Newspaper article The Canadian Press

Producers Seek Answers as They Digest Netflix's $500M Pledge to Canadian Content

Newspaper article The Canadian Press

Producers Seek Answers as They Digest Netflix's $500M Pledge to Canadian Content

Article excerpt

Netflix's Canadian content raises more questions

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TORONTO - Canadian producers expressed hope and skepticism as they weighed Netflix's promise Thursday to spend $500 million over five years on homegrown content.

The announcement to support Canadian made film and TV series was enthusiastically unveiled by Heritage Minister Melanie Joly, part of the first major overhaul of cultural funding in a quarter century.

But she left many unanswered questions.

Netflix let Joly do the talking as representatives for the streaming service didn't respond to requests for more details. That left filmmakers to draw their own conclusions.

"There are all kinds of really interesting opportunities, but of course, it's really short on specifics," Annelise Larson, a producer on the web series "Spiral," said after reviewing Netflix's plans.

"I've certainly been in conversations with my producer friends who -- some of them -- were cautiously optimistic. Others seemed to feel it wasn't the revolutionary shake up they were hoping for."

Larson is struggling to understand more precisely how Canadian writers and directors will benefit. For example, while Netflix plans to open a production house in Canada, there were no details provided on the size, location or number of jobs it would create.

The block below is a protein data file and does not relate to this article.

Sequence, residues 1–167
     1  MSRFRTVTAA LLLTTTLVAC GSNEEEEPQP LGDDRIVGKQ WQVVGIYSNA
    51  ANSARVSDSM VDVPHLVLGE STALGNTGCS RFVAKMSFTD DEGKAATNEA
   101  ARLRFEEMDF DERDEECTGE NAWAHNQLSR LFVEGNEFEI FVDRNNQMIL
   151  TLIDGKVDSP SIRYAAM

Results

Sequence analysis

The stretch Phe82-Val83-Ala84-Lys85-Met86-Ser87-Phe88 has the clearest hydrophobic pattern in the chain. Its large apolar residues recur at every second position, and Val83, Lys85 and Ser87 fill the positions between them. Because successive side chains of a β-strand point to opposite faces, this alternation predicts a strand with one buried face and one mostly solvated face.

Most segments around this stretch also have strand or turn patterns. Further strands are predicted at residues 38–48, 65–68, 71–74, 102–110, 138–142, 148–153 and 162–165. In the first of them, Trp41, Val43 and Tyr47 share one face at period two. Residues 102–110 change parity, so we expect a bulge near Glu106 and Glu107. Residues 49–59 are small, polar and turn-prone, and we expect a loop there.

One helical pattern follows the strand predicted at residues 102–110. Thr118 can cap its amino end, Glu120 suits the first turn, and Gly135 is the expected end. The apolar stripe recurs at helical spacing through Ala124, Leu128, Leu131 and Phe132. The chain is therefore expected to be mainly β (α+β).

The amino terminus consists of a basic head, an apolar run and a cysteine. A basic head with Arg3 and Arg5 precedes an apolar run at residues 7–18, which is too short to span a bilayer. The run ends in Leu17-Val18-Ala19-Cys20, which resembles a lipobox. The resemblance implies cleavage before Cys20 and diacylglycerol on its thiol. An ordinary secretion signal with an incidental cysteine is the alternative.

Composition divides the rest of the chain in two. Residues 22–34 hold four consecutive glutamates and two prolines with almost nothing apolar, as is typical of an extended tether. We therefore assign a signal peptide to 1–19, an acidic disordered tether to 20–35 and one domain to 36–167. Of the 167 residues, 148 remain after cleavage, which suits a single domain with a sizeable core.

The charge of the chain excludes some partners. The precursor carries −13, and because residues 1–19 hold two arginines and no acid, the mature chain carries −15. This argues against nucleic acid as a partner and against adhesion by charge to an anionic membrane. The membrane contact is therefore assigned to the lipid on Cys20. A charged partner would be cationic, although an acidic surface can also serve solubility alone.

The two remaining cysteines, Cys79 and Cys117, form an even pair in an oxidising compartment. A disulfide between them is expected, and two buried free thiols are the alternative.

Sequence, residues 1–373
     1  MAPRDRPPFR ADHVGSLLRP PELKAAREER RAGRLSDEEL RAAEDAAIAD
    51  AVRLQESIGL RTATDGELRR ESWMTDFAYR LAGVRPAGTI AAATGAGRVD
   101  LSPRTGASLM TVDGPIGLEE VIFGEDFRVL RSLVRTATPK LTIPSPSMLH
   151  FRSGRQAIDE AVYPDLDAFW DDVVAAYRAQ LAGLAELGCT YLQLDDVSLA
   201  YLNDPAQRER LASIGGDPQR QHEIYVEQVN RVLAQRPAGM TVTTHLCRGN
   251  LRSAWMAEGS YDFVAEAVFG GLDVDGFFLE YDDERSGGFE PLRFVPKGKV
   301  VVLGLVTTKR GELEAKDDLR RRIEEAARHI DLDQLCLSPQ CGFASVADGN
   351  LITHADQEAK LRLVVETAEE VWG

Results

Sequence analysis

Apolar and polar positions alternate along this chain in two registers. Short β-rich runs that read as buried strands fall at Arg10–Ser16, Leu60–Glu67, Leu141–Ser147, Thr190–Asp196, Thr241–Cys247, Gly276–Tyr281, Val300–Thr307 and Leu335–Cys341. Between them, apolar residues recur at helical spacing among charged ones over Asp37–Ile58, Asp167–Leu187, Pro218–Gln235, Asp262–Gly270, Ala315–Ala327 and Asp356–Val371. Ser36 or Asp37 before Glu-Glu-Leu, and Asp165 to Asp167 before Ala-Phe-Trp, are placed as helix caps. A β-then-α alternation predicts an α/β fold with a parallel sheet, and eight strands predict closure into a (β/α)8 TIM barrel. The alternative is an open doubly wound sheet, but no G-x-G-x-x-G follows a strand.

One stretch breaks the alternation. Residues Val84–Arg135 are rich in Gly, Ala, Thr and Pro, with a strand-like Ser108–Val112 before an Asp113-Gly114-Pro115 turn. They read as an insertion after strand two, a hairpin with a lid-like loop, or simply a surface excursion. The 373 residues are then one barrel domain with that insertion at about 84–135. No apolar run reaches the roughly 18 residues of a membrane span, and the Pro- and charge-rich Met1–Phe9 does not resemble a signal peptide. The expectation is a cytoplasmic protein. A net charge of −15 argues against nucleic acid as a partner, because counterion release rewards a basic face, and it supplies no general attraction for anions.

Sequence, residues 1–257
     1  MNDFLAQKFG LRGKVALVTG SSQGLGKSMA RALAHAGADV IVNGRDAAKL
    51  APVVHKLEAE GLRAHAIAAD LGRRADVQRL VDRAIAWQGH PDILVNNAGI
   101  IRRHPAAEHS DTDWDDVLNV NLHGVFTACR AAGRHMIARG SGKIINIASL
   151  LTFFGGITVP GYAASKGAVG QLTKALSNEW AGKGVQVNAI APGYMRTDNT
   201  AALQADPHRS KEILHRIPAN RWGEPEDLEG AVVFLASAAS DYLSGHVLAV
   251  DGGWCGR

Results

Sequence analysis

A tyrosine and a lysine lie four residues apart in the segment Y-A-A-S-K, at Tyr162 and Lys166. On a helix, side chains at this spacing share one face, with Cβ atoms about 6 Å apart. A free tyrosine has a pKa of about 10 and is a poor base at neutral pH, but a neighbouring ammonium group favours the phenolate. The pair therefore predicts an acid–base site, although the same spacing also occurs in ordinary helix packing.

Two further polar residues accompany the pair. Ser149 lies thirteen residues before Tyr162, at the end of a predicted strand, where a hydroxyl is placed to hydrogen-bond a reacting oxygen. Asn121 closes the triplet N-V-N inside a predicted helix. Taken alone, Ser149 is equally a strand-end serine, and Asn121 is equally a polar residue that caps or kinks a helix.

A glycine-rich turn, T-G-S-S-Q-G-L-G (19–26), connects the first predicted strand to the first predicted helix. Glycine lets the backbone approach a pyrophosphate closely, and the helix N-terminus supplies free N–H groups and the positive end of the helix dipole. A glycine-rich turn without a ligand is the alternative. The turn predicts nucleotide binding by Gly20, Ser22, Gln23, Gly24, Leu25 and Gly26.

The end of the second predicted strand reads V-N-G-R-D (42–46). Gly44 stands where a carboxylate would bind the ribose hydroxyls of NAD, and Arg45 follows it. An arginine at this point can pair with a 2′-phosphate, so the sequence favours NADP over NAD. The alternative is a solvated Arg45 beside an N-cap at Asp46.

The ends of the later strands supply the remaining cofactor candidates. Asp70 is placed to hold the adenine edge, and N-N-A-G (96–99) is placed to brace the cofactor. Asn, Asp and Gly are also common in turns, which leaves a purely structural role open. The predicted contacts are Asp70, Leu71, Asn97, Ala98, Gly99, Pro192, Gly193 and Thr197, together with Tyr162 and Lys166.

It's also unclear how the injection of $500 million over five years marks an improvement from its recent investments, which Netflix described as "hundreds of millions of dollars" in 2016 alone.

Already the streaming company invests in Canadian programming through co-productions on shows including CBC's "Anne" and "Alias Grace," in exchange for holding the international streaming rights. But what's unknown is whether Netflix will distance itself from those cross-border agreements to favour owning more of its shows outright.

Such a decision could deal a blow to Canadian broadcasters who rely on flashier co-productions with sizable budgets to generate buzz.

Kari Skogland, a Toronto director who worked on Netflix's upcoming series "The Punisher," sees the streaming company's move as an opportunity to talk about Canadian culture.

Some viewers took to social media Thursday to express concerns that Netflix could fall short on telling definitively Canadian stories in favour of more commercial ventures. Others saw an opportunity to chase global audiences since Netflix isn't required to adhere to the same Canadian content points system that applies to TV broadcasters like Bell and Rogers.

"If they do care, it's an important conversation to continue," Skogland suggested of viewers. "And very quickly because the floodgates are opening and it's a tremendous opportunity. …

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